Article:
Now, I’m going to get a lot of flake for my opinion on this, but I didn’t really enjoy reading Deep Work. I agree with some of the points that Newport made but hated reading the book. Often, it felt like he was coming from a privileged position and didn’t realize that others do not have the same luxury that others have. He relented somewhat to the social media front for socializing functions when friends or when it may be something necessary for work. There was so much I felt that he was overlooking. But that could easily be because he has never seen or experienced nor talked to someone who was in a situation much different from himself. He sure didn’t interview people much different from himself. In short, I agree with the idea but disagree highly with the execution.

Other than that, I’ve been working on a couple of projects in between classes and seminars (as of writing this, I have not yet gotten my final grades). It was fun. I’ve been learning many techniques around the lab and getting competent at doing experiments by myself. I also have spent tons of time reading journal articles. Honestly, I’m starting to understand some of what the people are saying. I still have to use a lot of brainpower to read the papers, but it is getting easier.

Other than that, I don’t really have anything to report. If anything happens, I’ll be sure to let you know.

Chao

Big Brother

I’ve spent that last couple of years swearing up and down, promising that I would eventually read the classic 1984 by George Orwell. Apparently, it took me getting into grad school to finally fulfill that promise. Like most people who read this book, I knew the general plotline and some key moments that are considered cliché in our modern society. Even with knowing all of that, I couldn’t help but get captured in every single page. I kept promising myself that I could go to sleep once I got to go breaks in the chapter; that didn’t happen. It also felt like the book was written a couple of years ago. It’s just so timeless. I would definitely call this a must-read. I would be remiss, though, if I didn’t warn you about discussions of sexual assault and torture, though.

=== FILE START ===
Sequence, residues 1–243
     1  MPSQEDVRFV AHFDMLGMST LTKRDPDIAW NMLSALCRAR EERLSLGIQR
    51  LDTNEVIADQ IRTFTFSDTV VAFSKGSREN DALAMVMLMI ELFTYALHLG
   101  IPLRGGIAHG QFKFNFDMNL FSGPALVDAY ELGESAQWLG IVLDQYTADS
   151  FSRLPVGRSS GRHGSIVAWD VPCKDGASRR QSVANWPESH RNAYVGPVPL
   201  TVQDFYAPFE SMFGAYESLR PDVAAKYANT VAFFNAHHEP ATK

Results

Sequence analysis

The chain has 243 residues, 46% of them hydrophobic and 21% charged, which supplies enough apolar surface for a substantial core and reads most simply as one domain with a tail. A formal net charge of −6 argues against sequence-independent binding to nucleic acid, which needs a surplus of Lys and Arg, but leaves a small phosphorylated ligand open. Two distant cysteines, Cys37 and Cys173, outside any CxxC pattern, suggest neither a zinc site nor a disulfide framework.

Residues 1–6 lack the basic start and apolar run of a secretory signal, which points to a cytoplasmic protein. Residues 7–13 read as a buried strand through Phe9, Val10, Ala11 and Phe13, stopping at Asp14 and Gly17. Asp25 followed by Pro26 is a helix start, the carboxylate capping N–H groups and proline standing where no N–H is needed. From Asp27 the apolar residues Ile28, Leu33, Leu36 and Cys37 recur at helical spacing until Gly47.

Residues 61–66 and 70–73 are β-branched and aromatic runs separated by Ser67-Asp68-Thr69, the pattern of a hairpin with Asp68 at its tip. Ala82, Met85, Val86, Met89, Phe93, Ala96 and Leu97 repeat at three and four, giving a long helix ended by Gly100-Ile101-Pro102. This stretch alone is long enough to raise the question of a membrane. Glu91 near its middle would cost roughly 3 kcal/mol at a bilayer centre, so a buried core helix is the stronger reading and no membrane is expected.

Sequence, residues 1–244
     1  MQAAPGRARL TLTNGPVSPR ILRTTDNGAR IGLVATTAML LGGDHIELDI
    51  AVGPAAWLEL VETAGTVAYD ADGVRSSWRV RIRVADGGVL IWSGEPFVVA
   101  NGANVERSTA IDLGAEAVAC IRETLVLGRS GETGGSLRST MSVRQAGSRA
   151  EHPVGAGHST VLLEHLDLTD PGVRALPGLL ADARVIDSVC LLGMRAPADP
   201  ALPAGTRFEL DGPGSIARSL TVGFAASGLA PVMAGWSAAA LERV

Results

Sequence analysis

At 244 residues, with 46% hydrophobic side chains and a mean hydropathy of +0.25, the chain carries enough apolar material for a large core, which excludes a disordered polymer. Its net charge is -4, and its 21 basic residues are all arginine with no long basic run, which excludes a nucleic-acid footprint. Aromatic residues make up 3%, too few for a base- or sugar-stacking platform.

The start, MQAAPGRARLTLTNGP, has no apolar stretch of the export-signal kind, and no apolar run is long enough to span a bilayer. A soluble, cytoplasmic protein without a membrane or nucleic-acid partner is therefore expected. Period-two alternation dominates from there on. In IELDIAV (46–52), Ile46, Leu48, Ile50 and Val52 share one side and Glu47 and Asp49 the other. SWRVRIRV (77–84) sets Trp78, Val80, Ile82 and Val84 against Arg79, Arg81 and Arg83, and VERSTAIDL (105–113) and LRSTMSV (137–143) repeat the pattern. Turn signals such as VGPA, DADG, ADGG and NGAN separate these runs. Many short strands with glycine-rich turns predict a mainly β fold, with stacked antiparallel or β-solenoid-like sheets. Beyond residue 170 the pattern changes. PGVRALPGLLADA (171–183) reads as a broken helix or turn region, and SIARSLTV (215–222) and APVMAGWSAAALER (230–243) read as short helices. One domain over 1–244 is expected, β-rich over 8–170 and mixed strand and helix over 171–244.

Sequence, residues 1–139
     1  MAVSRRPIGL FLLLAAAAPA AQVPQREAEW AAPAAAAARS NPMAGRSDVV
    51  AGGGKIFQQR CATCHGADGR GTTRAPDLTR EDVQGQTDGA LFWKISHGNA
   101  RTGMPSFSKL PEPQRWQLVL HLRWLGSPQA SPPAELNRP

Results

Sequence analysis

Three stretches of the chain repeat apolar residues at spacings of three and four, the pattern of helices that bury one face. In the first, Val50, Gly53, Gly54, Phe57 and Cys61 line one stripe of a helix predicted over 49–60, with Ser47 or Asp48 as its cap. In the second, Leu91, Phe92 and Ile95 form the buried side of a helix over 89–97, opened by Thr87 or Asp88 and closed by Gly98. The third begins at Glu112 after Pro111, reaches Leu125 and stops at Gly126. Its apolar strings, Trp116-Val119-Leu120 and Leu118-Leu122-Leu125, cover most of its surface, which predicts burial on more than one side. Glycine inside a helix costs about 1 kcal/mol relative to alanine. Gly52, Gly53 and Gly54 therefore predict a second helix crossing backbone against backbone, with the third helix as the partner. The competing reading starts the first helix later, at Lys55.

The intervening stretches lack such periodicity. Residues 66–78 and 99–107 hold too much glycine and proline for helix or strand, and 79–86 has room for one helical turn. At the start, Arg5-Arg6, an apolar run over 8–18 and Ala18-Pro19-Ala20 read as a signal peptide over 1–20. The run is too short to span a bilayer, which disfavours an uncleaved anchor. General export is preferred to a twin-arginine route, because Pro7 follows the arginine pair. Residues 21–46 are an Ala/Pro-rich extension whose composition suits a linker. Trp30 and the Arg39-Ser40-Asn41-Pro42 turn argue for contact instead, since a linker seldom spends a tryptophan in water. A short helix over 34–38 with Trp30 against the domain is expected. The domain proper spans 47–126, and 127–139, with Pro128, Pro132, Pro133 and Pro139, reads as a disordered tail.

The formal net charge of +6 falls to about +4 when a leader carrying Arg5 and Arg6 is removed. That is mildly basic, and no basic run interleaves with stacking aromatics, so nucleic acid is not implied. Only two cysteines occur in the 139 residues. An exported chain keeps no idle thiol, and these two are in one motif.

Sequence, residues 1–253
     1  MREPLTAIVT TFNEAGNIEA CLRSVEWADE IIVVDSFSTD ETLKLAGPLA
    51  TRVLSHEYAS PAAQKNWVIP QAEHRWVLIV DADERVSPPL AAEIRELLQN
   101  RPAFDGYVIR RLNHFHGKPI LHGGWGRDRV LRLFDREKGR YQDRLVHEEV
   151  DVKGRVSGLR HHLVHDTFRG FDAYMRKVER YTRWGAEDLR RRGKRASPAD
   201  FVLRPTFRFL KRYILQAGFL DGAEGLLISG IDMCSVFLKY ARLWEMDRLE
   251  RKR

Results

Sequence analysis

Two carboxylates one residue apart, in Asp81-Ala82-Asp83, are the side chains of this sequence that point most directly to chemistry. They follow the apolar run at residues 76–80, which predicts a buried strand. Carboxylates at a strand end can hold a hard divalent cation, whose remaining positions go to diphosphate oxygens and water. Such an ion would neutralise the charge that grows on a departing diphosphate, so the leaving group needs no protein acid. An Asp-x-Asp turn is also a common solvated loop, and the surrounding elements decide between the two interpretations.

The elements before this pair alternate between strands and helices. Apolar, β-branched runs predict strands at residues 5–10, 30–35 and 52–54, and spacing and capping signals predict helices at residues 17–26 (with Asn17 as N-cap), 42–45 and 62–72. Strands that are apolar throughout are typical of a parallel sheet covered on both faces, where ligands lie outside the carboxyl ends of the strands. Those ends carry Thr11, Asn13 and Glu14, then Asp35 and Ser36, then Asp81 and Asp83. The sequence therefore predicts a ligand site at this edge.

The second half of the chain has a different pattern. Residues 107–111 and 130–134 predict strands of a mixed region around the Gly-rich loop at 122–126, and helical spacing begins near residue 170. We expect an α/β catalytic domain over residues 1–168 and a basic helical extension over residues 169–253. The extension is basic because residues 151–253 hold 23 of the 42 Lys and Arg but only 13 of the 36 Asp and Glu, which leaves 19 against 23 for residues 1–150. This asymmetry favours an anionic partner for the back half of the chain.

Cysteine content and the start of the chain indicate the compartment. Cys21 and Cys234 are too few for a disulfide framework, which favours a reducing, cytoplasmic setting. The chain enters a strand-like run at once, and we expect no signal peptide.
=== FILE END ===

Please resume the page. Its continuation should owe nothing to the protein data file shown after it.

Remember the Lost Souls Pt 3

I am back, finally finished with the Remember Me series. First, I would like to mention that the third book makes no sense without the second book. Second, I would like to say that you should only read the first book. This last book is a total deviation from the first in ways that make absolutely no sense. The protagonist’s characterization went entirely by the wayside, where she wasn’t the same person we were introduced to. Other characters appear, where the entire time they’re there, you just thinking “WTF?” the whole time—also, lizard people, for some reason. The book felt like a cash-grab, read like a cash-grab, and should never have been written. There is also a mixture of r/menwritingwomen that is more creepy than endearingly stupid or hilarious. I honestly wish that I could forget everything that I read. Stick with the first book, and no further. You’ll thank me.

Dating the Same Girl

I’m really late to the John Green bandwagon, but here I am. This is actually the first book of his I’ve read, but I don’t really know what I think about it. An Abundance of Katherines features our protagonist, Collin, who only dates people named Katherine. I’ve never heard of a name being a person’s type, but here you go. While Collin is a genius who drops random facts here and there, which I personally found interesting, other pieces of dialogue felt like inside jokes that went on for way too long. Every other sentence either included the word “fug,” mention of a “Jew-fro,” or what seemed to be an Arabic slur. It was bizarre, and I could have done without a lot of it. Other than that, it’s the typical “boy is broken up with an is super mopey for the majority of the story” story. If this sounds like your kind of thing, you may like it. Personally, with all the hype I’ve heard around John Green, especially with some of the books being turned into live-action media, I was not impressed. I just wanted it to be over as soon as possible.